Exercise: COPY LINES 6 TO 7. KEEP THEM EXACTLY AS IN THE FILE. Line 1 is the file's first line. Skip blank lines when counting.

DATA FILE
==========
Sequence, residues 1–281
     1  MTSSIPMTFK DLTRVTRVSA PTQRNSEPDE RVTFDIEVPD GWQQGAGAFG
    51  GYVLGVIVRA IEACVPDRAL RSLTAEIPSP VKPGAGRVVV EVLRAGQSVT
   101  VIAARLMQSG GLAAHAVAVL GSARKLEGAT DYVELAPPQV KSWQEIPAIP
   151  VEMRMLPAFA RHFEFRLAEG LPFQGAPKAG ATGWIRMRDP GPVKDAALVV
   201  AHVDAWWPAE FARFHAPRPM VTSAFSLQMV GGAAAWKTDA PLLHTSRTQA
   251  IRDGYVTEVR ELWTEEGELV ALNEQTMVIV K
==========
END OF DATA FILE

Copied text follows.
   201  AHVDAWWPAE FARFHAPRPM VTSAFSLQMV GGAAAWKTDA PLLHTSRTQA
   251  IRDGYVTEVR ELWTEEGELV ALNEQTMVIV K